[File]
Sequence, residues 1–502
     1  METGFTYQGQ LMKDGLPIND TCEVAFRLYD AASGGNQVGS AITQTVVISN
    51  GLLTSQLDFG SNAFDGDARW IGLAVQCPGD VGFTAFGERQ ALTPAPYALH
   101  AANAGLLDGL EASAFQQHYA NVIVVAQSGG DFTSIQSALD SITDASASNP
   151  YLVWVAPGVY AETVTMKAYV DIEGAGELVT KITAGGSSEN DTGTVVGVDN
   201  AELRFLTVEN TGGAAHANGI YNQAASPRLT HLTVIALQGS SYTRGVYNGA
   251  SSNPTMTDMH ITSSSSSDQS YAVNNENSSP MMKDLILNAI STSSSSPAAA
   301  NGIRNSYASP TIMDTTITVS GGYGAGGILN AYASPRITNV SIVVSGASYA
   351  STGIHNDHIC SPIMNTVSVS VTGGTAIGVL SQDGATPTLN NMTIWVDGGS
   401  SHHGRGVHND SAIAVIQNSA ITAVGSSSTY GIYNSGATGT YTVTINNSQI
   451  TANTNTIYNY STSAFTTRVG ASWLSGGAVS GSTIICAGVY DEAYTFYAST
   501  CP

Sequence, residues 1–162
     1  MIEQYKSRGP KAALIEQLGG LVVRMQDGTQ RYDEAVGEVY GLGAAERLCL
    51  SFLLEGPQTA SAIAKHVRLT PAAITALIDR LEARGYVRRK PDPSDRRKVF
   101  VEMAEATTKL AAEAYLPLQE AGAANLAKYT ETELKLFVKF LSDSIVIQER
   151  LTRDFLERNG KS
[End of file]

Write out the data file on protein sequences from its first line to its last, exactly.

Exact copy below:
Sequence, residues 1–502
     1  METGFTYQGQ LMKDGLPIND TCEVAFRLYD AASGGNQVGS AITQTVVISN
    51  GLLTSQLDFG SNAFDGDARW IGLAVQCPGD VGFTAFGERQ ALTPAPYALH
   101  AANAGLLDGL EASAFQQHYA NVIVVAQSGG DFTSIQSALD SITDASASNP
   151  YLVWVAPGVY AETVTMKAYV DIEGAGELVT KITAGGSSEN DTGTVVGVDN
   201  AELRFLTVEN TGGAAHANGI YNQAASPRLT HLTVIALQGS SYTRGVYNGA
   251  SSNPTMTDMH ITSSSSSDQS YAVNNENSSP MMKDLILNAI STSSSSPAAA
   301  NGIRNSYASP TIMDTTITVS GGYGAGGILN AYASPRITNV SIVVSGASYA
   351  STGIHNDHIC SPIMNTVSVS VTGGTAIGVL SQDGATPTLN NMTIWVDGGS
   401  SHHGRGVHND SAIAVIQNSA ITAVGSSSTY GIYNSGATGT YTVTINNSQI
   451  TANTNTIYNY STSAFTTRVG ASWLSGGAVS GSTIICAGVY DEAYTFYAST
   501  CP

Sequence, residues 1–162
     1  MIEQYKSRGP KAALIEQLGG LVVRMQDGTQ RYDEAVGEVY GLGAAERLCL
    51  SFLLEGPQTA SAIAKHVRLT PAAITALIDR LEARGYVRRK PDPSDRRKVF
   101  VEMAEATTKL AAEAYLPLQE AGAANLAKYT ETELKLFVKF LSDSIVIQER
   151  LTRDFLERNG KS